Should the Oscars get a Razzie?

Algonquin College computer engineer graduate Richard Fyffe, wants to know why he should even bother watching the Academy Awards anymore. According to the numbers from Sunday’s telecast, it would seem that he is not alone.

According to Vanity Fair, the viewership of the Academy Awards this year was down by 19 per cent from last year, making the it the least viewed Oscars ceremony of all time. On top of that, the show’s score on Rotten Tomatoes is way below average, with the critic’s score sitting at 50 per cent and the audience score at 46 per cent.

Fyffe believes that people aren’t tuning in anymore because the award show isn’t a good representation of the year’s best films.

“The Oscars all but ignore foreign films, so it’s not like we’re getting an actual review of the best movies of the year, just the American movies of the year,” he says. “Oscars are regularly handed out to undeserving movies to make-up for snubs in previous years and you can spot Oscar bait a mile away, so you know exactly which films are going to win awards.”

The 2018 Golden Globes ceremony saw the same problem with an 11 per cent drop in audiences. This year’s Oscars had a lot to live up to due to the previous five months of sexual assault and harassment claims pouring through the news after the Harvey Weinstien scandal last October, causing the massive #metoo movement on social media.

So, for this year’s ceremony to open with a simple monologue and no big, exciting musical numbers or hilarious jokes seemed unimpressive for audiences. Jessica Loslo, an Algonquin early childhood education student, says that she doesn’t watch the Oscars because of that very problem. “I find [the Oscars] too long and boring,” she says. “And usually I haven’t seen half of the movies nominated.”

Fyffe believes that making the Oscars too political takes the fun out of the show and has probably steered a lot of people away from it. “I’m sure some of the viewership may have stayed away in fear that the Oscars would be heavily politicized, which is a major turn off,” says Fyffe.

Ever since Donald Trump entered the presidential office, awards shows like the Oscars have used the platform to express their displeasure with his actions and have tried different alternatives to send that message. Remember when Sean Spicer showed up at the Emmys? Or when Seth Meyers declared that Oprah “will never be president” at the Golden Globes?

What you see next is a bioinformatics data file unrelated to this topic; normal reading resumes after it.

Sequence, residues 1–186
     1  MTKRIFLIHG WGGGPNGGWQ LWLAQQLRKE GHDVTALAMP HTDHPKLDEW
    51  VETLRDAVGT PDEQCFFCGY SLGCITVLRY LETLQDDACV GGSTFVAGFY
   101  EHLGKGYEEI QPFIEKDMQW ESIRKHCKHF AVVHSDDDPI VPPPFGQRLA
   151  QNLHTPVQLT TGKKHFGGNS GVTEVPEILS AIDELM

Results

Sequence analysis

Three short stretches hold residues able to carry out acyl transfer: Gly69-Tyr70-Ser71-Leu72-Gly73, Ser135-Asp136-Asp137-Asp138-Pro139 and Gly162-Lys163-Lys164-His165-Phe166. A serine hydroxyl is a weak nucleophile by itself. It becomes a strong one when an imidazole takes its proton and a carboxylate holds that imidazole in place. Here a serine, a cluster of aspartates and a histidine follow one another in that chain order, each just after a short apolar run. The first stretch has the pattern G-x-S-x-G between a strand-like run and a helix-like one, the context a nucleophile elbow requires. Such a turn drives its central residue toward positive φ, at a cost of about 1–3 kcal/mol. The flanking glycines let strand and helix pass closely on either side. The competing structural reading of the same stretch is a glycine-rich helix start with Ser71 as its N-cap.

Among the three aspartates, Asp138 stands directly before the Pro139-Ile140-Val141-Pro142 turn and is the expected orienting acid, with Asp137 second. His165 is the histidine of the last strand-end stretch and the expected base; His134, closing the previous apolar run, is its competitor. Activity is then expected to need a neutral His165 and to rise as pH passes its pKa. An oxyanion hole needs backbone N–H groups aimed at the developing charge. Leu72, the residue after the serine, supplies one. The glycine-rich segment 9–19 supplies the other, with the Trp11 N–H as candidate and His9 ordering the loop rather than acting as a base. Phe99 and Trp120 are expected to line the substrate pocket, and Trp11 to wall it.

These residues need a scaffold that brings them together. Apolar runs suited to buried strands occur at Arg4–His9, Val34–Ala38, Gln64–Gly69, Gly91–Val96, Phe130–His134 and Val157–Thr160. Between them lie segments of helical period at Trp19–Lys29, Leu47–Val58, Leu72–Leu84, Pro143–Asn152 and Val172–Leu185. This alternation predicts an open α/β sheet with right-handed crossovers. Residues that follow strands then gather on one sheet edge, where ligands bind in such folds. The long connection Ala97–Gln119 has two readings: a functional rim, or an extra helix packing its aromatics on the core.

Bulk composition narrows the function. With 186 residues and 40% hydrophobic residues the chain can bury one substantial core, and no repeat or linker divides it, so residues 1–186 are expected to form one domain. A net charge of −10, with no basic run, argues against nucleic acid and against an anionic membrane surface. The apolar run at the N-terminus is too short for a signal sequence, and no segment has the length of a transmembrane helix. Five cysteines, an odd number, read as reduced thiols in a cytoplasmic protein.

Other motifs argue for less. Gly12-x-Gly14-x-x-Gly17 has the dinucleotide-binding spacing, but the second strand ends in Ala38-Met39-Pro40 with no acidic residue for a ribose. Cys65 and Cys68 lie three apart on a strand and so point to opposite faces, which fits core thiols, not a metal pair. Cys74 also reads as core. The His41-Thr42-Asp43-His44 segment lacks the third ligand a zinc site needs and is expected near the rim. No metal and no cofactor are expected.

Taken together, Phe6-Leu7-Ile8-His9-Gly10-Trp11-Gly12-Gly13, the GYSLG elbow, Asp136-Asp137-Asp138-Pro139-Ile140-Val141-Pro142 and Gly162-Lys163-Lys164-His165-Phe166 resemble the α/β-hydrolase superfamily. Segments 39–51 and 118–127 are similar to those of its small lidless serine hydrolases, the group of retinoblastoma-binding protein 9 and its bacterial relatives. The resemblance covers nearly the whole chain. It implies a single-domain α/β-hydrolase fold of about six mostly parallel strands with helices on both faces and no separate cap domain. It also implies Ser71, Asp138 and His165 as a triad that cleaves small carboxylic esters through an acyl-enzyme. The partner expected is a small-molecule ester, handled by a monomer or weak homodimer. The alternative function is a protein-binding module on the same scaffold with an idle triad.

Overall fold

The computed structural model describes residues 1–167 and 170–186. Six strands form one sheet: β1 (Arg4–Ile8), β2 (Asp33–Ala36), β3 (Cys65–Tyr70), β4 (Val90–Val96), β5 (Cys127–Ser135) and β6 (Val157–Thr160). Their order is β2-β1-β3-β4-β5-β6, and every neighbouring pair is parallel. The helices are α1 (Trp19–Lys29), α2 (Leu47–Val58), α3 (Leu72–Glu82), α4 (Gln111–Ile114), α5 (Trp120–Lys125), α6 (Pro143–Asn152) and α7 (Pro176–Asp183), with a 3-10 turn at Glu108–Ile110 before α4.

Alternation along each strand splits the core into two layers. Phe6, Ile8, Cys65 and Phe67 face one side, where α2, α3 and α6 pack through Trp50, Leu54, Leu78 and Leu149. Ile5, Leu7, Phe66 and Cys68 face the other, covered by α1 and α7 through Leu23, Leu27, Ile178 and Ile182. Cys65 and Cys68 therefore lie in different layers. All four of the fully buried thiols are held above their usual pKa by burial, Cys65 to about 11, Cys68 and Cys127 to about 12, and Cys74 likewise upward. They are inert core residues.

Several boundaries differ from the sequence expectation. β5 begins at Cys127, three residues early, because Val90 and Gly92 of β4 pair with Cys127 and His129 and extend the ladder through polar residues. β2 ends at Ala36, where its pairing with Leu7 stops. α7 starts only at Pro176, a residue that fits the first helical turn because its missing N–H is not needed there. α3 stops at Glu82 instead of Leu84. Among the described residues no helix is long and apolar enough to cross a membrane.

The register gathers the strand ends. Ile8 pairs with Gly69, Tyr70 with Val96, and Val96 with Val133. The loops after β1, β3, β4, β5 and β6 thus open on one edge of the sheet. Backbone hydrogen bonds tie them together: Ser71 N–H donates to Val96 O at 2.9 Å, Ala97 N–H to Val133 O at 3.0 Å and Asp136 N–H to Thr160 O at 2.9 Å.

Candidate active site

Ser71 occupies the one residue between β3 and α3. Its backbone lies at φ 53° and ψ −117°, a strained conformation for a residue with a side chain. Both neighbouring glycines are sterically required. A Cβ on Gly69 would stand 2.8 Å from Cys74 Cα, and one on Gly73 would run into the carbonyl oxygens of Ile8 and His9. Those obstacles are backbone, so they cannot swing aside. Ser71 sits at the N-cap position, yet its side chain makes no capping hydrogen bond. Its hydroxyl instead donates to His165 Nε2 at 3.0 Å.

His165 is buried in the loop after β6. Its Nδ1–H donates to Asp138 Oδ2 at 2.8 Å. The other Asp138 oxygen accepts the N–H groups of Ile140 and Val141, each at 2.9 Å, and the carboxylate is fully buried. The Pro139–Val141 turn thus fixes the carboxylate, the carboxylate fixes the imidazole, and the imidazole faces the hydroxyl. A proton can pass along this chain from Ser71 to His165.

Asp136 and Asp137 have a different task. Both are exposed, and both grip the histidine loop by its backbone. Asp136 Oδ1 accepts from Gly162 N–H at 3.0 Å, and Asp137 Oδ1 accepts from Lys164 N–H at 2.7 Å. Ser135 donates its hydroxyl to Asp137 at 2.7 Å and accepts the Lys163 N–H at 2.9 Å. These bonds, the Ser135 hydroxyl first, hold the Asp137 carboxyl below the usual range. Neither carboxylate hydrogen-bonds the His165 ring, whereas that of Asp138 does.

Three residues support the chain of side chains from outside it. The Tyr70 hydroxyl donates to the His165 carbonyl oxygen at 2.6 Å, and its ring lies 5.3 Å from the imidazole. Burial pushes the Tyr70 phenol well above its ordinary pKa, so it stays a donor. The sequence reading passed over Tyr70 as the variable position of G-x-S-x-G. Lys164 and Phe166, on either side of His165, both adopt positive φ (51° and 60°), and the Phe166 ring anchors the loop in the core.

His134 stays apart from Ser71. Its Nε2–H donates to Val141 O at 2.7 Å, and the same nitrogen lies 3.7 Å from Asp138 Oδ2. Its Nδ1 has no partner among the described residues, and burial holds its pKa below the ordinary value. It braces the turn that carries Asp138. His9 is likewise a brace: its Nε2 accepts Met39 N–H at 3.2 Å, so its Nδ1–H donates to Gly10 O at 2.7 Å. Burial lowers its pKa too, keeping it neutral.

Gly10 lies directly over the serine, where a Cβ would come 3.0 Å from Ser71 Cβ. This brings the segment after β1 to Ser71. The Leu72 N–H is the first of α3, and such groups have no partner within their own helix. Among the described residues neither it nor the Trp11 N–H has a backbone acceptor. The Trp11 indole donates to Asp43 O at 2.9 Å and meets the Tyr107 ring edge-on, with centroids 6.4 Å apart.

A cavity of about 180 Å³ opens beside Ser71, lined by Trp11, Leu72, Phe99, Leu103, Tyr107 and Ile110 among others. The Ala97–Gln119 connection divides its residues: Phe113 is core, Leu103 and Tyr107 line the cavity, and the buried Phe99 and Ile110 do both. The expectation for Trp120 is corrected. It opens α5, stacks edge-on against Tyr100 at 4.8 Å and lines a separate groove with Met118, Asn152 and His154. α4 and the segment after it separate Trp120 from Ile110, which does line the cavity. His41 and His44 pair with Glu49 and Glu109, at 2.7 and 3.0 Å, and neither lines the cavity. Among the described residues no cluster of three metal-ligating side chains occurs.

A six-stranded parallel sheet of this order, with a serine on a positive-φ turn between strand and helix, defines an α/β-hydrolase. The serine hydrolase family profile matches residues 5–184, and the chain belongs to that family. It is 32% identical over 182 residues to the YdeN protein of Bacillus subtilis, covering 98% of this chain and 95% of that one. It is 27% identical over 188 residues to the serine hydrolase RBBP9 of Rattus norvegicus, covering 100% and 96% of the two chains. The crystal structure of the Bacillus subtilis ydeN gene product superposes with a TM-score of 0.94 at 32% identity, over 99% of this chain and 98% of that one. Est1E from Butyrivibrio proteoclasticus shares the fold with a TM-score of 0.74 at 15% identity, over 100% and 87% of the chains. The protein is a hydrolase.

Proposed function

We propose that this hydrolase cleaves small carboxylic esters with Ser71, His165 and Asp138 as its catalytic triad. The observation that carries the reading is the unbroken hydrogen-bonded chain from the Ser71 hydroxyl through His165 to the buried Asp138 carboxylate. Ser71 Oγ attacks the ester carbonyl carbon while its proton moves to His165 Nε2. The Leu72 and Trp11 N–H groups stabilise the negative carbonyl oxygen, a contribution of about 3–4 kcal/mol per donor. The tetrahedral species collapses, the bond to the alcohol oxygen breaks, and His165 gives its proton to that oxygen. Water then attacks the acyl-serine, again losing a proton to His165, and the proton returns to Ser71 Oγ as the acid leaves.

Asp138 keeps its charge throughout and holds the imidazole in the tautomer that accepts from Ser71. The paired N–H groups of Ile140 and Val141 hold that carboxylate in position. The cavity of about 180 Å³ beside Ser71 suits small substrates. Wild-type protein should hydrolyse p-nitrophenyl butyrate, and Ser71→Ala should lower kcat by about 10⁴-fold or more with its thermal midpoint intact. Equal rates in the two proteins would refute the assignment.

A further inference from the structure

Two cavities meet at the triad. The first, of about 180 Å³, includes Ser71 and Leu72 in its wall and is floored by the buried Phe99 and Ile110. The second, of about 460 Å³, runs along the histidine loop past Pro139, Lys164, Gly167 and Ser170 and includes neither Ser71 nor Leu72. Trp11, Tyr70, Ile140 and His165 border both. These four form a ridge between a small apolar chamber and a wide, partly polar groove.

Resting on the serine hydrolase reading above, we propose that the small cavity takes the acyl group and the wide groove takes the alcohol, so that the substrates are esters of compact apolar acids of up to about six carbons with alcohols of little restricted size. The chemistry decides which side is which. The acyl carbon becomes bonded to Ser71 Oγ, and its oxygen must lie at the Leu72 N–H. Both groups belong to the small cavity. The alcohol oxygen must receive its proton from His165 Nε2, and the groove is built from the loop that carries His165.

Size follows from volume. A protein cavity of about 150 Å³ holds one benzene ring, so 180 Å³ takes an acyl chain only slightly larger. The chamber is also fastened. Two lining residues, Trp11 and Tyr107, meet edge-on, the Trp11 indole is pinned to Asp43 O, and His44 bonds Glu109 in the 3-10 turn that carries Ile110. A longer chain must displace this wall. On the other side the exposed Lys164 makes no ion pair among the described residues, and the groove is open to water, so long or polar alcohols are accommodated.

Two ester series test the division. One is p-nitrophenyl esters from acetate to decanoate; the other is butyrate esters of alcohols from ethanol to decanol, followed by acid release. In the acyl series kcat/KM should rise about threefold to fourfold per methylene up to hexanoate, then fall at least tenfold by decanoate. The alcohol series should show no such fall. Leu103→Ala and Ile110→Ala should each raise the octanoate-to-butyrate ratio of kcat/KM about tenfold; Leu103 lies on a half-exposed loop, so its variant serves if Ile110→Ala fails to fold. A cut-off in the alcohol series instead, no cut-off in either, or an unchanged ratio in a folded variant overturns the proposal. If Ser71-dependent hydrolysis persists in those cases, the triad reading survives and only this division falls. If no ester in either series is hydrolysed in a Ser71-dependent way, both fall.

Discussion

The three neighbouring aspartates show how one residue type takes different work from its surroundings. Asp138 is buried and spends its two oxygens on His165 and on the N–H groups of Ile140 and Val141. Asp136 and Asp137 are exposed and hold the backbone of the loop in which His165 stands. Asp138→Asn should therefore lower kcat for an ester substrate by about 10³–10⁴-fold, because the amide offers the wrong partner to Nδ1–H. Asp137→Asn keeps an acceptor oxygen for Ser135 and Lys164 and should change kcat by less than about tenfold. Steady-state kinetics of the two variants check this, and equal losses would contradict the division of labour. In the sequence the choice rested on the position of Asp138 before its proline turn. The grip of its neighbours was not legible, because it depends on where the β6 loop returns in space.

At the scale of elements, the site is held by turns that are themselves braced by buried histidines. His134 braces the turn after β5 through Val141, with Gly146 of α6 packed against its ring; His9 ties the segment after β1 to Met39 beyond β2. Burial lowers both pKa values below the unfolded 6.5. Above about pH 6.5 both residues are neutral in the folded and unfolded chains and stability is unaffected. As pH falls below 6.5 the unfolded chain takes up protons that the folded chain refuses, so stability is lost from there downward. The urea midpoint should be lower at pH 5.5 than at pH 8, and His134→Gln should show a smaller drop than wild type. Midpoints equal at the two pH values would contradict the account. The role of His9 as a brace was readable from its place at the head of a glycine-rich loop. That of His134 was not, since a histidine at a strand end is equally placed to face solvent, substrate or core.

Even this year’s Oscars’ opening monologue from Jimmy Kimmel was a heavy commentary on the Harvey Weinstein scandal and the #metoo movement. He stated that the Oscar golden statue is a perfect representation of Hollywood because he keeps his hands where you can see them, he never says a crude word and, most importantly, no penis.

However, surprisingly, while the viewership for the Oscars seems to be at an all-time low, that doesn’t seem to be the case with people in Ottawa at the Mayfair Theatre on Bank Street. Every year, the establishment hosts a stream of the Academy Awards for people who want to purchase a ticket, as if they were seeing any other film and this year’s turnout does not match the viewership of the Oscars.

“We had a full house, sold every ticket,” says Josh Stafford, one of the owners of the Mayfair. “The place was packed.”

So, while there is still an interest in watching the Oscars, it’s possible that people don’t have access to watching it on their current devices. “It probably has something to do with less people having cable,” says Loslo. “They play it on TV and advertise it on TV but if one just uses their TV as a Netflix box, then they won’t see it or know that it’s coming up.”

Fyffe suggests that the show needs to get with the times and start utilizing the internet for viewership and expand their rules for which movies get nominated.

“They should stream [the Oscars] online, and if they did then they should advertise that in some way better,” says Fyffe. “They should expand the movies that get considered to encompass foreign films regularly, make the reasoning for picking one movie over the others a large part of the ceremony.”


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